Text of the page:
The Ontario government said it first received complaints about working conditions from Maple Lodge Farms employees in early April, nearly two weeks before an outbreak of COVID-19 sickened at least two dozen workers at a facility in Brampton.
One month later, the company, which describes itself as Canada’s largest chicken processor, says it is still working to resolve an outstanding issue regarding physical distancing in its locker rooms.
“We can confirm there have been eight complaints from April 2, 2020 to May 8, 2020 at the Maple Lodge Farms facility in Brampton,” said Ontario Ministry of Labour, Training and Skills Development spokesperson Janet Deline, in an email.
“Four orders have been issued to reach compliance with Ontario’s health and safety laws.”
At least one employee has died as a result of COVID-19, in addition to 25 confirmed cases, and the ministry has launched an investigation.
The union that represents workers at the plant, United Food and Commercial Workers Canada, said that not all of the eight complaints were specifically related to the COVID-19 pandemic and some related to other general safety issues.
But spokesperson Tim Deelstra said that the union was frustrated about oversight from the ministry in response to complaints related to the COVID-19 pandemic in all Ontario workplaces.
“We think it’s a serious issue and we want to keep people as safe as possible,” Deelstra told Global News.
“That’s why we advocate, still, for things like making sure the (production) lines spread people apart. We’re also asking for everyone in the meat-packing industry to be tested.”
Deline said the ministry was unable to reveal why all of the orders were issued, explaining that it could compromise the integrity of the investigation.
She said the “issuance orders” are handed out to ensure employers are following proper Occupational Health and Safety Act and its regulations.
Global News first reported last week on workers at the chicken processing plant who alleged they weren’t being given enough personal protective equipment and said the plant is failing to take proper physical distancing measures in common areas like the change rooms and lunch rooms.
The company said it was working with public health and labour officials to ensure that it is taking appropriate measures to prevent the spread of COVID-19 and protect employees.
“We continue to work closely with the Ministry of Labour, Peel Public Health and the Canadian Food Inspection Agency in order to ensure our workplace is safe,” Carol Gardin, Maple Lodge Farms director of corporate affairs, said in an email.
She noted that all three agencies toured the Brampton facility Wednesday.
“We are currently working on one outstanding item with the Ministry of Labour which is a plan to improve physical distancing in our locker rooms,” she said. “We fully respect the rights of workers to advise of any workplace concerns and commit to fully investigating all complaints.”
Maple Lodge said it has temporarily suspended one-third of their operations to allow for a deep-clean of the plant and non-essential visitors have been banned from the plant.
Global News first reported the company, which publicly announced its first cases on May 4, had actually received confirmation an employee tested positive for the virus on April 15.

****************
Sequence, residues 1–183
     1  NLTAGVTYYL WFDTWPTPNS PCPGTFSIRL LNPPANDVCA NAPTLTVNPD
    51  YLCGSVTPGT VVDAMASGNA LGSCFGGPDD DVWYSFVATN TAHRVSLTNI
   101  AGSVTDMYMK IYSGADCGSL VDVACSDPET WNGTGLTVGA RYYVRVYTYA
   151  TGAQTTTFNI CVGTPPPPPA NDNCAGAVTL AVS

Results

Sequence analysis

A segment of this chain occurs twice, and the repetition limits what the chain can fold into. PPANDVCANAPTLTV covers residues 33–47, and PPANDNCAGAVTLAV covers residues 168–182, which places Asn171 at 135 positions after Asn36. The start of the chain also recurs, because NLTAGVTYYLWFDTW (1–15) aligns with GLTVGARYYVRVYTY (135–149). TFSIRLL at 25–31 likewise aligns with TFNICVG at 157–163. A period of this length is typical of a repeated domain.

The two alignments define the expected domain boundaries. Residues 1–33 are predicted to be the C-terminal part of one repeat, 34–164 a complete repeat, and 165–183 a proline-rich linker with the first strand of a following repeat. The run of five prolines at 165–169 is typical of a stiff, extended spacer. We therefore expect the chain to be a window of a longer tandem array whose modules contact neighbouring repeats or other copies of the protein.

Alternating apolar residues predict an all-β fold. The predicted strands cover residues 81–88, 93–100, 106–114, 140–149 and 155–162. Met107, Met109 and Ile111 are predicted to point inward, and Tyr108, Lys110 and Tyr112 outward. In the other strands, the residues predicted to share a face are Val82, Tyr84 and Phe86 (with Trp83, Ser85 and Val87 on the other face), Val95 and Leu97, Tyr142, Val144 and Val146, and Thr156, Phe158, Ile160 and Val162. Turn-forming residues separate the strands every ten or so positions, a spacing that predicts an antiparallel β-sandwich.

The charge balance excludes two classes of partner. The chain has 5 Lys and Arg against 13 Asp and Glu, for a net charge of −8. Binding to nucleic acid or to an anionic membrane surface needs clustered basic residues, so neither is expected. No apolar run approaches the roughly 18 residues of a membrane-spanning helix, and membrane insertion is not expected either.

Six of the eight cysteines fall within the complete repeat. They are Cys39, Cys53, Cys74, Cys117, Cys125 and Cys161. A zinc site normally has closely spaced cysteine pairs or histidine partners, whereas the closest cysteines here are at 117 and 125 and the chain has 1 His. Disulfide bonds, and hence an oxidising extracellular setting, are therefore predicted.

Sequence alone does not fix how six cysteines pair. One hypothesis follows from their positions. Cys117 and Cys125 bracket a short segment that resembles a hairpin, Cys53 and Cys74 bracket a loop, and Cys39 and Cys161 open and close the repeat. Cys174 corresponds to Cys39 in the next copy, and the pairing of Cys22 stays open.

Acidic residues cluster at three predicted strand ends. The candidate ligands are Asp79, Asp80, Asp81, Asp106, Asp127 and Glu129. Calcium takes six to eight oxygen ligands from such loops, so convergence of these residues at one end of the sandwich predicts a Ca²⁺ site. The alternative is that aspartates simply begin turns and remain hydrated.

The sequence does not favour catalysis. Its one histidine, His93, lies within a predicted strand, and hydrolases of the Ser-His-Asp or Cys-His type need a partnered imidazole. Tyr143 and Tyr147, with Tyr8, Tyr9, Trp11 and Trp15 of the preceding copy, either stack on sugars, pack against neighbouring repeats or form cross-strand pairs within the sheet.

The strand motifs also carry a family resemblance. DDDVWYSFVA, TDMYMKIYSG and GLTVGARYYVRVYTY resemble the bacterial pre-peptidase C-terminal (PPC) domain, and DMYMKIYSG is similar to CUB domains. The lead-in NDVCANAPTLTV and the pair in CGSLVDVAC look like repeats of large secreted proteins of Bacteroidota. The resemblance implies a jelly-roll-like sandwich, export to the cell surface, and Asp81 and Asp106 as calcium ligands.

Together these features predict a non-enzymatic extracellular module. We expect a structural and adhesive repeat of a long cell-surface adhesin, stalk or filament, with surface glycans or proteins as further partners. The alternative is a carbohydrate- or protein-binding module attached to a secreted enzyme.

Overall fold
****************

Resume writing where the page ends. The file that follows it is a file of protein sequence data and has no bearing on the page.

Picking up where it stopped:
Wayne Gates, NDP Critic for Workplace Health and Safety, urged the Ford government to recognize and enforce the protections for workers to refuse unsafe work, especially as the province begins taking steps to re-open the economy.
“We are deeply concerned about the outbreak at Maple Lodge Farms, that has already led to the tragic death of a worker from COVID-19.
“No one should ever have to choose between keeping their job and coming home safe and healthy. People need to know the Ford government will protect every worker’s right under Ontario law to refuse unsafe work.”
While the ministry did not reveal the nature of the complaints, Global News has spoken with employees who have alleged unsafe working conditions, intimidation and overcrowding on production lines.
One employee alleges that some productions lines, which are designed for 14 workers — seven on each side — are often overcrowded, with the company fitting more than 20 workers on the line.
“It was shoulder to shoulder. Sometimes you can’t even lift both shoulders,” they said.
“People were complaining about this before but there was nothing done about it.”
The employee also said a large percentage of the 1,200 workers at the plant are new immigrants, who are often left in precarious employment and need to work.
“When you’re new to the country, you will work in literally deplorable conditions and you don’t say no. That’s what happens with immigrants,” they said.
“The one thing Maple Lodge will tell you, if you don’t like it, ‘go home.”
Maple Lodge Farms declined to answer specific questions about allegations of overcrowding or intimidation.
Maple Lodge is among a number of food plants and slaughterhouses in North America that have been coping with outbreaks and deaths linked to the spread of COVID-19 among workers in tight spaces where it’s difficult to stay more than two metres apart.
A Cargill meat-processing plant south of Montreal said it was temporarily suspending operations this week after at least 64 workers tested positive for COVID-19.
The outbreak in Chambly, Que. marks the second time the company has experienced an outbreak of the new coronavirus at one of its facilities in Canada. The outbreak at a plant in High River, Alberta sickened over 950 employees and led to two deaths, which forced the facility to close for two weeks.
In late April, the Toronto Star reported that more than 200 workers in various places of work across Ontario had attempted to refuse work due to fears about the novel coronavirus, but that on each occasion, the Labour Ministry ordered them back to work.